Seattle Mayor Greg Nickels yesterday named Jorge Carrasco, a former city manager with public and private water-utility experience, as his choice for superintendent of Seattle City Light.
If confirmed by the City Council, Carrasco would become the permanent replacement for Gary Zarker, whom the council ousted after a rancorous reconfirmation battle earlier this year.
Carrasco, too, has been forced out of two public-sector management jobs because of clashes with elected officials, according to newspaper accounts.
With a salary offer of $210,000, Carrasco would become Seattle's highest-paid employee if the council confirms him. By comparison, Nickels makes about $136,000. Zarker earned $161,000.
Carrasco was among three finalists recommended by a 15-member search committee that considered more than 50 applicants for the City Light job. The names of the other finalists were not released.
Nickels and search-committee members praised Carrasco's leadership qualifications.
"Jorge has outstanding management credentials," Nickels said at an afternoon news conference, citing his nominee's reputation as a skilled financial manager with an environmentalist ethic.
Carrasco never has directly headed a major electric utility, but Randy Revelle, a former city councilman and King County executive who chaired the mayor's search panel, said the group unanimously thought Carrasco is well-qualified to run City Light.
Revelle said Carrasco has "a great combination" of experience that was more important than a pure electric-utility background.
City Council President Peter Steinbrueck said the council likely will wait to conduct confirmation hearings until the new year when three new council members will be sworn in.
Carrasco, 54, most recently was president of American Water Services, a private water-utility-services company based in New Jersey. He said he left that job after the company was bought out by a German firm earlier this year.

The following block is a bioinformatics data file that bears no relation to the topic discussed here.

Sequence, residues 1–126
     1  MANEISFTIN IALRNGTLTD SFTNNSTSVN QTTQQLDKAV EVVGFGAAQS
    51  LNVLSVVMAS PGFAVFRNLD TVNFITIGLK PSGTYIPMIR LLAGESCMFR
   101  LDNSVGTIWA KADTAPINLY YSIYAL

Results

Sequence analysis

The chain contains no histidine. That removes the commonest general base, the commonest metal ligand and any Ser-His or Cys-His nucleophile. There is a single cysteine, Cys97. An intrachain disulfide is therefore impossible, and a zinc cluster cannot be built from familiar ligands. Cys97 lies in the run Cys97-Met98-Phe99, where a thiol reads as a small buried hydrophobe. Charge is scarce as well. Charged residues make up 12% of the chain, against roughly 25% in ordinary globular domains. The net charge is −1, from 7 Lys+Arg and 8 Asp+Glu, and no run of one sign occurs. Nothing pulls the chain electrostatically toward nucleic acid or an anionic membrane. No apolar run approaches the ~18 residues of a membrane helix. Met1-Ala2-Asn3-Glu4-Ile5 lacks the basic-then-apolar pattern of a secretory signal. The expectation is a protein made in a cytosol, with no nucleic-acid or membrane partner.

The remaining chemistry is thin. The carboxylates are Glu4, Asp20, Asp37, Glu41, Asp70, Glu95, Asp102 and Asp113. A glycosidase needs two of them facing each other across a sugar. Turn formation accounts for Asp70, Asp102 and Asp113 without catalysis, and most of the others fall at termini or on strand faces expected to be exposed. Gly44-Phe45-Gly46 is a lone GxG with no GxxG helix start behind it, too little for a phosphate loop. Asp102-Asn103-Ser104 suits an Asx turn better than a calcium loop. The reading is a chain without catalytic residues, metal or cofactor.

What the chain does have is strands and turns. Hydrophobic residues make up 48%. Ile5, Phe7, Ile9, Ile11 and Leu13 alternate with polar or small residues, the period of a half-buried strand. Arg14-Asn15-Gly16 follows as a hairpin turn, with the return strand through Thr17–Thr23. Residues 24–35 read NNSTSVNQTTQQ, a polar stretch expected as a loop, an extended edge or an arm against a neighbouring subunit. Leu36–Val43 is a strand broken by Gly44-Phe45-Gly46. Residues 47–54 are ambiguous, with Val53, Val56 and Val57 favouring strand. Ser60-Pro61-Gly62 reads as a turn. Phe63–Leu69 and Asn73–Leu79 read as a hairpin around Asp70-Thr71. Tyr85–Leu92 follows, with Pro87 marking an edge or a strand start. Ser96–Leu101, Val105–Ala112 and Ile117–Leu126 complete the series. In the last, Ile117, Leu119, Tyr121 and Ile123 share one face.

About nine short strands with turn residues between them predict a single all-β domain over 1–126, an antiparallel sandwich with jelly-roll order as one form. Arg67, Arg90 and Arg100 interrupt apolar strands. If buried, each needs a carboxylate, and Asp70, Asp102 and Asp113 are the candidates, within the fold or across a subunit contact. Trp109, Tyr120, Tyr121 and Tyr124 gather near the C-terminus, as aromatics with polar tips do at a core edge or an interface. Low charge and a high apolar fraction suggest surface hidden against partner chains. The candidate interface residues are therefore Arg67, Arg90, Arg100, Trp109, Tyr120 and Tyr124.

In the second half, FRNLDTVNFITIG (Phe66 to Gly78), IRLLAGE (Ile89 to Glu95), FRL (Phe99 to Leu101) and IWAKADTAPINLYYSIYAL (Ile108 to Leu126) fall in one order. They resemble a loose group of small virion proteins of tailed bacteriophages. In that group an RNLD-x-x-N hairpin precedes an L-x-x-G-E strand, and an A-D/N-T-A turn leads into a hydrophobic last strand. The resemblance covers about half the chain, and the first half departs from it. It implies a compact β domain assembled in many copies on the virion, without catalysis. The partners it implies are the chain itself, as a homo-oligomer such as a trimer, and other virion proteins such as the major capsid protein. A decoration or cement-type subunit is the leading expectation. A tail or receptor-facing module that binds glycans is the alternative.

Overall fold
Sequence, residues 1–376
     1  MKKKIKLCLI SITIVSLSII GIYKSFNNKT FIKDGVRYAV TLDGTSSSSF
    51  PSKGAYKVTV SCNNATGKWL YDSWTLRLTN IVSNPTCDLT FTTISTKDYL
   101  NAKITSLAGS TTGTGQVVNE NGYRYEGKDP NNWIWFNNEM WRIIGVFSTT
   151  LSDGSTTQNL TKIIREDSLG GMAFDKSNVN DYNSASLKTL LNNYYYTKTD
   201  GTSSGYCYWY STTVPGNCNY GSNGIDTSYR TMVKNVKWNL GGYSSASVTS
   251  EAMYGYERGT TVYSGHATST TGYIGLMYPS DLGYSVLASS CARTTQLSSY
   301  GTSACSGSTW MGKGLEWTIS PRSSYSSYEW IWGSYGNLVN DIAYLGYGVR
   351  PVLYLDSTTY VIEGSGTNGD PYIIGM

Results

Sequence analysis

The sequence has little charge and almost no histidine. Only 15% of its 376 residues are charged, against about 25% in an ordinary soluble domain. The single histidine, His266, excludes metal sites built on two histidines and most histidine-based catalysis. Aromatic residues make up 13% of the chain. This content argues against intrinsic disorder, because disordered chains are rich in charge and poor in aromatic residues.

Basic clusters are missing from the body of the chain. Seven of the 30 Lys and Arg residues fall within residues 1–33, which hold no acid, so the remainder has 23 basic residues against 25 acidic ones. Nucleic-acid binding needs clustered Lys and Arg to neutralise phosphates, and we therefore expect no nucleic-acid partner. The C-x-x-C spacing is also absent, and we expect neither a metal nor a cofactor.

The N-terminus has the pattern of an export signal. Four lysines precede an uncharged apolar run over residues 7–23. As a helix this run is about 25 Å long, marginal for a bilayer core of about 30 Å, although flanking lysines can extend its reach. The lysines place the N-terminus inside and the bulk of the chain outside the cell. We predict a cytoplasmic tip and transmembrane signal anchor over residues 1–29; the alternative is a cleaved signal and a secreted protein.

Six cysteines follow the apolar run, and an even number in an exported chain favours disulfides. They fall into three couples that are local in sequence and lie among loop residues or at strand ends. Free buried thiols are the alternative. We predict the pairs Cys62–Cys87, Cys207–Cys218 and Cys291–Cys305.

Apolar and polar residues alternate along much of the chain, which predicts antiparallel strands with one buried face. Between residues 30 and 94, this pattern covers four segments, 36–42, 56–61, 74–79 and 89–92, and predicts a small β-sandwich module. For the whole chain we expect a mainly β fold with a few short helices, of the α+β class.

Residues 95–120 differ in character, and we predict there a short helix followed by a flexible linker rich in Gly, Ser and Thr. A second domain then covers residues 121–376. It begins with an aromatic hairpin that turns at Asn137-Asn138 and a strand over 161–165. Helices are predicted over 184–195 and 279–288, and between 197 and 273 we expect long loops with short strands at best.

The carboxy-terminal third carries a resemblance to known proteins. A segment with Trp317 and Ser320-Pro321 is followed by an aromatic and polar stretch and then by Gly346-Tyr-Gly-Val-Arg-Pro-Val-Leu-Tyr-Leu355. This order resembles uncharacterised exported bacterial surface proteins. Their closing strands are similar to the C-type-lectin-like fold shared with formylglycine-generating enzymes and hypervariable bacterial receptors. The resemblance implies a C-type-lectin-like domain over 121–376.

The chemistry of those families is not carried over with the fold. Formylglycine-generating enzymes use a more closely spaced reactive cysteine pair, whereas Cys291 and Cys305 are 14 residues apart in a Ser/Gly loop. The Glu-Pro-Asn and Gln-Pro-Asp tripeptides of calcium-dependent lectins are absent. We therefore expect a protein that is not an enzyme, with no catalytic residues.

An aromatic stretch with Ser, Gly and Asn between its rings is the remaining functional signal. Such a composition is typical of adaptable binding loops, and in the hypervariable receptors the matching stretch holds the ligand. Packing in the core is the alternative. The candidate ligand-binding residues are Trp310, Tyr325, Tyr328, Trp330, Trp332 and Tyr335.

Before that, his job experience was as a public-sector manager in municipal governments and public water utilities.
Carrasco's main electrical-utility experience comes from his years in Austin, where he worked his way up through the ranks of city government for a decade before being named city manager in 1984. Before landing that city's top job he had been a superintendent for administration for Austin Energy, the city-run electric utility.
Austin Energy is the nation's 10th-largest publicly owned electric utility, according to rankings by the American Public Power Association. Seattle City Light ranks ninth on that list, with roughly 1,800 employees and a 2004 budget of $830 million.
Carrasco would take the helm of a utility that has weathered a rough stretch when it was criticized for rate increases and mounting debt, partly as a result of the energy crisis of 2000-01.
That criticism culminated in the March vote by the City Council, which refused to reconfirm Zarker despite intense lobbying from the mayor and other Zarker supporters. (The city charter requires the council to reconfirm the superintendent every four years.)
Carrasco said that turmoil did not make him shy away from the Seattle job. He said City Light appears to be in good financial condition and that the utility has a good reputation nationally as a leader on utility issues.
"I am excited about the opportunity to work with Seattle City Light," he said.
Carrasco has seen firsthand the political turmoil that can accompany political appointments.
He left two of his previous jobs after clashes with elected leaders.
In 1987, he was forced to resign as city manager of Austin, Texas, after a majority of City Council members there said they did not support his continuing in the city's top administrative job.
According to accounts in the Austin American-Statesman, council members had grown distrustful of Carrasco, saying he manipulated information to suit his own agenda. They also criticized some city spending increases under his watch.
Carrasco then went to work for three years as city manager of Scottsdale, Ariz., leaving to take a job as general manager of the East Bay Municipal Utility District, a public water utility in Oakland, Calif. He left that job after clashing with members of the utility's governing board.
Newspaper accounts described Carrasco's resignation as the result of a clash with pro-development board members who didn't like his environmental policies, which his critics regarded as anti-growth.
Asked about those departures, Carrasco yesterday described both as mutual decisions to leave positions where his style began to diverge from that of his bosses.
"That happens in a situation where you work with elected officials," Carrasco said.
Revelle said the search panel was comfortable with Carrasco's history and noted that being labeled an environmentalist — as apparently happened in Carrasco's California job — could only be a plus in Seattle.
"If he'd left because he couldn't get along with environmentalists — now that would be a problem," Revelle said.
Seattle Times staff researchers Miyoko Wolf and Gene Balk contributed to this report. Jim Brunner: 206-515-5628 or firstname.lastname@example.org